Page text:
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Ready for Restoration

Discussion in 'Wood and Canvas' started by Avacal, Dec 7, 2011.

  1. Avacal

    Avacal Curious about Wooden Canoes

    Hello,
    I recently acquired an old canvas canoe and I'm in the process of trying to identifying it. Considering the age of the boat, I will not attempt to sand the interior over lead paint concerns. My best option so far is to get it dipped or try chemical stripping myself. I am open to newer, advanced materials as long as you can't tell. I have all pieces that are missing from the bow. The owner joined the Navy after the attack on Pearl Harbor and his brother attempted to restore the boat but decided it was too much work. Their doesn't appear to be any broken ribs. I would most likely replace the inwales/outwales and decks and use clear expoxy where needed as the ribs near each bow show signs of wear and rot.


    This is what I know:

    Built: 1922
    Length:15'3"
    Beam: 34 1/2"
    Inwales look like white oak
    Outwales look like Ash
    Decks are Oak
    It has been sitting like this for 70 years (indoors).

    IMG_0772[1].jpg IMG_0773[2].jpg IMG_0775[1].jpg IMG_0778[1].jpg IMG_0780[1].jpg IMG_0781[1].jpg
     
    Last edited: Dec 7, 2011
  2. Gil Cramer

    Gil Cramer The wooden canoe Shop, Inc.

    Probably a Kennebec, in reasonably good condition.
     
  3. Benson Gray

    Benson Gray Canoe History Enthusiast Staff Member

  4. OP
    OP
    Avacal

    Avacal Curious about Wooden Canoes

    one of the bow stems is removed but no markings. Using paint stripper to see on the other one.
     
  5. OP
    OP
    Avacal

    Avacal Curious about Wooden Canoes

    so....no serial numbers uncovered yet. Stripped paint off in a few spots. Decks are oak, inwales are oak and outwales seem to be ash.
     
  6. Kathryn Klos

    Kathryn Klos squirrel whisperer

    Hello and welcome--

    You may already have figured this out, but the decks either have had the innermost-aspect removed or are complete replacements-- otherwise, the canoe would be easier to identify.

    The oak/ash combo for the rails seems unusual (to me-- but I am most certainly not an authority).

    The canoe has nice lines-- and canoes with this much "torpedo" are usually 17-18 feet.

    It pays to be somewhat wary of dates that are placed on canoes, unless there is actual paperwork... your date may be completely accurate, but often the correct identification of a canoe is ignored due to insistence in hanging onto a date.

    Kathy
     
  7. OP
    OP
    Avacal

    Avacal Curious about Wooden Canoes

    Hi Kathy,
    What do you mean "inner most aspect"? Which picture are you referring to ? Your right about the oak/ash combo.....seemed strange to me too. Having the one bow end opened up shows details that make me believe it is all original.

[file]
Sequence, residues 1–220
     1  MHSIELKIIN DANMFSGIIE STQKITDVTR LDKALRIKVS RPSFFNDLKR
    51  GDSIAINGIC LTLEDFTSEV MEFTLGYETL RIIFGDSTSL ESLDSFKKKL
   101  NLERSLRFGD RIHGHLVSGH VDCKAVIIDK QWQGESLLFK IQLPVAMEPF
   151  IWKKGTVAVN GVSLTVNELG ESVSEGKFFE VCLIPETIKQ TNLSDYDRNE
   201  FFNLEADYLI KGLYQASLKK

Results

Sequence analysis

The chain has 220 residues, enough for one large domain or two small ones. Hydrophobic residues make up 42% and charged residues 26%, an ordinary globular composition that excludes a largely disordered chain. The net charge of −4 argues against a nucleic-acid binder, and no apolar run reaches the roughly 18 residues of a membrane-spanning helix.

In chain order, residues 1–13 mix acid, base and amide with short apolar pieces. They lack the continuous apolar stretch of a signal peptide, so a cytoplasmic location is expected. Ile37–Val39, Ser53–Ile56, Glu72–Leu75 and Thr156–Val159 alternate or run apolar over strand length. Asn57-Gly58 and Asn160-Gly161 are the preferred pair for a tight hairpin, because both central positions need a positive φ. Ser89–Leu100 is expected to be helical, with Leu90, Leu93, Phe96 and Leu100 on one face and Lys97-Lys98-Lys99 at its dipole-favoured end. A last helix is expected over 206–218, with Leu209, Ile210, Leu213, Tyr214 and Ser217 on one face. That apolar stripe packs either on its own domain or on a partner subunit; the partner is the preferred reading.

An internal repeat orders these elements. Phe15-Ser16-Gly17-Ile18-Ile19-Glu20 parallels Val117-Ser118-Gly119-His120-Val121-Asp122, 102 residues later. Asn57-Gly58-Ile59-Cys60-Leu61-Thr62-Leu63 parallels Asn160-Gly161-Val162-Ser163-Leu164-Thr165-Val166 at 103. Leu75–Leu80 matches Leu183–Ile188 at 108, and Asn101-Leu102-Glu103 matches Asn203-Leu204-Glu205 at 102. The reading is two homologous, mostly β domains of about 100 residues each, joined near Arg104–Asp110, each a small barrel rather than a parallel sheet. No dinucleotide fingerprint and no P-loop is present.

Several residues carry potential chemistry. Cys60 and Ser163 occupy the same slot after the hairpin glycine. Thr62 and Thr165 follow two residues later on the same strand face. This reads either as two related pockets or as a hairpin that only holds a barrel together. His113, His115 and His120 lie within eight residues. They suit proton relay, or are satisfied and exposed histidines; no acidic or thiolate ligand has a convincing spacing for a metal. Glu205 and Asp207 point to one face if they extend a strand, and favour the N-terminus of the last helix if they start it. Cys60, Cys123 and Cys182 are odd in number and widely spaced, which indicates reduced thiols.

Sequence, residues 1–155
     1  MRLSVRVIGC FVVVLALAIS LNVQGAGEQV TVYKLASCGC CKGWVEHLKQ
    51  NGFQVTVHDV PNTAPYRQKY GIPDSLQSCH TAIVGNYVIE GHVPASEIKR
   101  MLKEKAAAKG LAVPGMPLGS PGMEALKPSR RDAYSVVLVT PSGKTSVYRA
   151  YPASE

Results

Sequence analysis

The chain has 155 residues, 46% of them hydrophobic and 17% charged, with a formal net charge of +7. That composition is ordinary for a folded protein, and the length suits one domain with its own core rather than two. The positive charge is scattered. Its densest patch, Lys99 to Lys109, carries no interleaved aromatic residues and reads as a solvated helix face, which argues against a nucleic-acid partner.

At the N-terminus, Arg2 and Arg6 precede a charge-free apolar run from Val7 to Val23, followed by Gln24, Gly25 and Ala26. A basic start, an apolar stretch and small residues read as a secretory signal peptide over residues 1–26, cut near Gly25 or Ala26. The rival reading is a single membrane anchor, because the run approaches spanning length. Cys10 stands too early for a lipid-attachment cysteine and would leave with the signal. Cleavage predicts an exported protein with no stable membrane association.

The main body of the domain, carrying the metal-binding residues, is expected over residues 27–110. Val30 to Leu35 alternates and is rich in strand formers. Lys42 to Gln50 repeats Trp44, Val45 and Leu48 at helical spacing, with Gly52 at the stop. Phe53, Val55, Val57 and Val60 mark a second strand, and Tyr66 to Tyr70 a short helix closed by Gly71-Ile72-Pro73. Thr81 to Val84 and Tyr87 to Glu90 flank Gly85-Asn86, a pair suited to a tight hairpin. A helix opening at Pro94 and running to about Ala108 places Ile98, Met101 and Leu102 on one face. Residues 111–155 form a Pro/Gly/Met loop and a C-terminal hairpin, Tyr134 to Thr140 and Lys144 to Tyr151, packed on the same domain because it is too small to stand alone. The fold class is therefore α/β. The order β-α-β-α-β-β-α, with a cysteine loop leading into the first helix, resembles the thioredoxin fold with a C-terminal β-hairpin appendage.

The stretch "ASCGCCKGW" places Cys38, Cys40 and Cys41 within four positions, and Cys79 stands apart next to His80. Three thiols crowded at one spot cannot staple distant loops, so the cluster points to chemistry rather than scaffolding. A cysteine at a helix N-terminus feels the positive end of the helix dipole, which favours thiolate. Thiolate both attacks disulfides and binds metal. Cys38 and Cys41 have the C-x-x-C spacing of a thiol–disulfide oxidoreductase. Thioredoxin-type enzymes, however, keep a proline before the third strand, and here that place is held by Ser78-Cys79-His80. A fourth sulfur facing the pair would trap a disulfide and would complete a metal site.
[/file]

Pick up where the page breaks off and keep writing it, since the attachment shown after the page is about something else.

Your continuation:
Dave
     
  8. mdouglass

    mdouglass Curious about Wooden Canoes

    Are the rib ends chamferred? They appear to be on the top view photo of the deck.

    Mark
     
    Last edited: Dec 10, 2011
  9. Kathryn Klos

    Kathryn Klos squirrel whisperer

    I mean the side of the deck that is "the wide end"-- the one that would be "most interior" to the canoe. The deck is basically a triangle. If the decks are original to the canoe, the side that isn't pointy appears to have had the end cut off-- for instance, if the canoe was a Kennebec, the upper edges of the heart were removed.
     
  10. Dave Osborn

    Dave Osborn LIFE MEMBER

    Chamfered rib tips and nailed gunwales are Kennebec traits, as are the shape of the outwales. The thing throwing me off is the deck and lack of short rail caps on the bow and stern
     
  11. OP
    OP
    Avacal

    Avacal Curious about Wooden Canoes

    Ah...I gotcha....on guideboats we call that edge of the deck the "deck circle". I see what you mean though. I wonder if the ends might have had signs of rot?
     
  12. OP
    OP
    Avacal

    Avacal Curious about Wooden Canoes

    By golly the tips do appear to be chamferred! It does closely resemble the 1922 Kineo too. Might be getting close to identifying. Also, the decks do look like they were trimmed back and made shorter. I will ask the owner if he might have replaced or trimmed the decks.

    Thanks for the help so far!
     

    Attached Files:

    Last edited: Dec 10, 2011
  13. OP
    OP
    Avacal

    Avacal Curious about Wooden Canoes